The preservation of this culture and its order was predicated on a cultures ability to retain this language, which they called nomos. In Greek nomos means “law” and refers to the structural ordering of experience, specifically relating to daily living and normative activities. Religion was simply an institutional vehicle that served as a way of preserving and perpetuating nomos, or social order and law. The nomos provided explanations and resolutions in the face of anomos, or chaos, conflict and turmoil. The individual appealed to this collective social law for explaining and handling problems arising in their conscious experience that was outside their ability to resolve themselves. In this way individuals sought the advice of the priests or prophets who knew the oral or written tradition exquisitely and offered their personal or propaedeutic interpretations– interpretations that would be absorbed into the tradition for later consultation, much like a contemporary judge’s ruling becomes canonical common law.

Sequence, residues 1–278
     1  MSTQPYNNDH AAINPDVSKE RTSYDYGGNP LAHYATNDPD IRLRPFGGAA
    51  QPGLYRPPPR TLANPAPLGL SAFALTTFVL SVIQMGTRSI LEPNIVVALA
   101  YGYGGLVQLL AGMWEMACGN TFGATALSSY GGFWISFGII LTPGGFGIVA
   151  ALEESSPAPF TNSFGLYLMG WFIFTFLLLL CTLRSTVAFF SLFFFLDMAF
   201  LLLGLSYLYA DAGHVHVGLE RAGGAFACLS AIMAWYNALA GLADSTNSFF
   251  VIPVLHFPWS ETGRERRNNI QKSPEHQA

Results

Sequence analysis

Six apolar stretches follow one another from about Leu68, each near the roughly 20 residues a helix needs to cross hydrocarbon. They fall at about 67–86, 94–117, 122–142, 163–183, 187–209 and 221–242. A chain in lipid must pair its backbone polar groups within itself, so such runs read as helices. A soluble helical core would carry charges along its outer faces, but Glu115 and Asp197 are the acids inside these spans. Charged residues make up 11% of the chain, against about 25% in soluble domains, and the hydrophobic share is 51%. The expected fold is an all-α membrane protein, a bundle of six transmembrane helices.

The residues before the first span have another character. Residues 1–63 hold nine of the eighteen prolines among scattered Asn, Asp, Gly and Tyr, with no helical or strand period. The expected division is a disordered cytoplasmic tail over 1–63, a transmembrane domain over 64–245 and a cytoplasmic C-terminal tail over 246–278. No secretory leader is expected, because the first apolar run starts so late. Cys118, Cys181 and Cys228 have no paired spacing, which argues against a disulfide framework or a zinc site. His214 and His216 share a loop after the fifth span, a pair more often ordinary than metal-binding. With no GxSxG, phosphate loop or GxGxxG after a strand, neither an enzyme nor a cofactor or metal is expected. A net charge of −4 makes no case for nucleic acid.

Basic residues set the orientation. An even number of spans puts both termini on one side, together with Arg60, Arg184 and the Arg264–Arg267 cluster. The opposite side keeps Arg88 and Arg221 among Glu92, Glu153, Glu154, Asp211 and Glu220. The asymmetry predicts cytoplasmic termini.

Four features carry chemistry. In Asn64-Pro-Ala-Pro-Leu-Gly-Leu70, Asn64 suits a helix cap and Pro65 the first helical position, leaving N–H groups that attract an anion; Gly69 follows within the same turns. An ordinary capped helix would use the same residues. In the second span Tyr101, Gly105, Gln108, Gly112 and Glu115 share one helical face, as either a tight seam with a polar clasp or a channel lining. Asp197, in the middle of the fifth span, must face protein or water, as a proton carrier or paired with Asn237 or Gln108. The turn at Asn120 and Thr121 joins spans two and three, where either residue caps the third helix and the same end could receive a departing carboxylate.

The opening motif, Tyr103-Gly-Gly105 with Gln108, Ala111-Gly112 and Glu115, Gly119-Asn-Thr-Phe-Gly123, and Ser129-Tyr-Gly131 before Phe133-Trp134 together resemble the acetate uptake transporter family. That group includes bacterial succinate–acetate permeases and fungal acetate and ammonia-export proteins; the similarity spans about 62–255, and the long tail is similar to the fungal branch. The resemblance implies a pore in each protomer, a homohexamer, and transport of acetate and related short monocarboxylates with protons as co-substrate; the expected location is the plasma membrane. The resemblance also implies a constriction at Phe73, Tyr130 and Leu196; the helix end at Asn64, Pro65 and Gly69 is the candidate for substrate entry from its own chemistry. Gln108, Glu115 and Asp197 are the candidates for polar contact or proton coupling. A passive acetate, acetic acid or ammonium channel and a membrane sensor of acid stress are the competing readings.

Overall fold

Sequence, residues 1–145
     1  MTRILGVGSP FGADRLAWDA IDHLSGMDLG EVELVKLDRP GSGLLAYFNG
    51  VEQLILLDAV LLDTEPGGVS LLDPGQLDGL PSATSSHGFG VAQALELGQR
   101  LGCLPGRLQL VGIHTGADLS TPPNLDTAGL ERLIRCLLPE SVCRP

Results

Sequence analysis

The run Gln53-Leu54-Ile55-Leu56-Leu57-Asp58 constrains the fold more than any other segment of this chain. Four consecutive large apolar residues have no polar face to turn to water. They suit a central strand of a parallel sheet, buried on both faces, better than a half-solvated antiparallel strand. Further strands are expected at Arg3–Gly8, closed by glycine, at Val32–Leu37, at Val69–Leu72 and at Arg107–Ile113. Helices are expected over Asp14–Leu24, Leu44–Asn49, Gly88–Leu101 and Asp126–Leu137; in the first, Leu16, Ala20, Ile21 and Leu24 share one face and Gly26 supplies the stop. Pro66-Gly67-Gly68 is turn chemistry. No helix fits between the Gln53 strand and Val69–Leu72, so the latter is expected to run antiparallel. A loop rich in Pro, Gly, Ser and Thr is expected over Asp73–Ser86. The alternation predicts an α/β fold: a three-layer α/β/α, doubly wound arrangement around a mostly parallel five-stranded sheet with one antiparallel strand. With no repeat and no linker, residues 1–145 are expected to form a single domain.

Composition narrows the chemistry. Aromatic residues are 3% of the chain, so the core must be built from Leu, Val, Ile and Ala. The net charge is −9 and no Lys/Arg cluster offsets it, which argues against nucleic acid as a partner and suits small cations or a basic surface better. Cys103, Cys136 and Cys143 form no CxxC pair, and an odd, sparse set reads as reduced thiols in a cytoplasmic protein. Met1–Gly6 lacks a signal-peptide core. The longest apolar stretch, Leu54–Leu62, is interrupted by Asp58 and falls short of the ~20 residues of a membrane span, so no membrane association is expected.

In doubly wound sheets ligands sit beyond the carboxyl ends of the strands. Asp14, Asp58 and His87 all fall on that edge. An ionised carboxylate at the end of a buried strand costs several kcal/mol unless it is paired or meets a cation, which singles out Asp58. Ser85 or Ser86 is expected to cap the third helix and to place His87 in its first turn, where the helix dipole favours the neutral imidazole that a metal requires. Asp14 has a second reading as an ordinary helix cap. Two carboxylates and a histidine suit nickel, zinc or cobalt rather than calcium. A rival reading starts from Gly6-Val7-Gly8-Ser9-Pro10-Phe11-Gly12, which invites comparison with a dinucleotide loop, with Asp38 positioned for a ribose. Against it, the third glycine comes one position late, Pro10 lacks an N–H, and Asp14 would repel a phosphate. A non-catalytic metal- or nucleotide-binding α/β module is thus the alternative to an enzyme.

Language is all important. The limits of your language dictate the limits of your world.

Man is not made in the image of god: God is made in the image of man. “In the beginning was the word and the word was with god and the word was god.” (John 1:1) Interestingly, ‘word’ here is Gk. logos derived from the Proto-Indo-European word *leg- meaning “to collect, bind, gather”. The word ‘religion’ is a combination of the words re- “again” + lego “choose, gather” or “I go over or go through again in reading, speech, thought, read, relate or recite again, revise, recount”. In this way we see the intimate connection between repetition in binding words to the mind in order to create a consistent world view, a structured ordering of experience. Religion is the institution charged with the preservation and diffusion of a language via enculturation. Throughout history religious institutions have been replaced by various community organizations and governing bodies, most notably Academic institutions that actively inquire about the world with a more precise and thoughtful methodology.